Medicinal use of marijuana has its origins in ancient medical practice and has been prescribed to patients for treatment including for muscle sclerosis, cancer-related pain, and menstrual cramps.1 In the United States, marijuana maintains its status as a Schedule 1 drug under federal law (i.e. a drug that has no medicinal value and high potency for abuse), while more than 20 states in the US have recognized its role in medicine and have medical marijuana laws in place.
Advertising regulations for medical marijuana dispensaries and manufacturers vary widely across the states. In this theme, you will find advertisements marketing marijuana for a broad range of off-label symptoms and conditions. Infact, advertisements by some marijuana retailers often brand cannabis as a “cure-all” substance. For example, an advertisement titled “Operation Cannabis” distributed by WeedMemes.com displays a cartoon human anatomy indicating marijuana as a “neuroprotective” substance, an “antioxidant,” and one that not only reverses carcinogenic effects and “kills cancer,” but also “stimulates bone growth.”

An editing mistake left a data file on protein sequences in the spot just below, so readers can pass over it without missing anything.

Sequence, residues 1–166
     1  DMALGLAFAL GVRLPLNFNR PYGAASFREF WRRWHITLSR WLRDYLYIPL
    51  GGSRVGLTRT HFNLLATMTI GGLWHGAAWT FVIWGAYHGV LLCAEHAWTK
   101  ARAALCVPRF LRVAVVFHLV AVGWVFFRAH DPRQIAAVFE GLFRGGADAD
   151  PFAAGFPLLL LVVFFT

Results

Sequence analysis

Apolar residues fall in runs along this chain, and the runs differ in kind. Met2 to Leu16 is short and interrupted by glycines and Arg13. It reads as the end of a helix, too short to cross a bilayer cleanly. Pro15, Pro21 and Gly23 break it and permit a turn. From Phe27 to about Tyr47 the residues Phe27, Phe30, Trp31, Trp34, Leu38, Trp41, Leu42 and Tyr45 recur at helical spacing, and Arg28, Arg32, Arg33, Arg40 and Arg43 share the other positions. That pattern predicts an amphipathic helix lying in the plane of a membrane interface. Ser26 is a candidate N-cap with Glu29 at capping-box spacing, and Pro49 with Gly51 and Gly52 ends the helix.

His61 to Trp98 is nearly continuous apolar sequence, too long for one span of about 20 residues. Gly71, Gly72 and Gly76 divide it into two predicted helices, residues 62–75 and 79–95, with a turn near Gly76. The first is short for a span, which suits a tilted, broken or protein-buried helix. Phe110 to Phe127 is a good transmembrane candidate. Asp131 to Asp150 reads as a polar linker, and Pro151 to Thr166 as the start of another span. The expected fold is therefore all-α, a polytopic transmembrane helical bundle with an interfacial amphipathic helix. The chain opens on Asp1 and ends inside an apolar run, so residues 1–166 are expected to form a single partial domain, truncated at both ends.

Many advertisements picture a model dressed in a doctor’s white coat next to text that reads: “Marijuana Doctor,” or “Schedule an Appointment” (e.g.1-800MedicanMarijuana.com). The alleged medical professionals in these advertisements often are featured holding marijuana, marijuana paraphernalia, or posing in a stance as if prescribing cannabis. These promotional materials also more often than not utilize dark and light shades of green to attract cannabis-seeking consumers, as well as display the cannabis universal symbol. These ads are being promoted on billboards, print and storefront ads, and digital sites. As the recreational and medical marijuana market continues to grow, the need of the hour is a federal policy that addresses among other things advertising regulations.
1. MD, W. A. (2016). Marijuana: Health effects of recreational and medical use. Harvard Health Publications. Retrieved June 6, 2017, from http://www.health.harvard.edu/blog/the-health-effects-of-marijuana-from-recreational-and-medical-use-2016081910180
2. McGreevy, P. (2016). California initiative draws fire for opening the door to TV ads that promote pot smoking. Los Angeles Times. Retrieved June 6, 2017, from http://www.latimes.com/politics/la-pol-ca-california-pot-ads-20160731-snap-story.html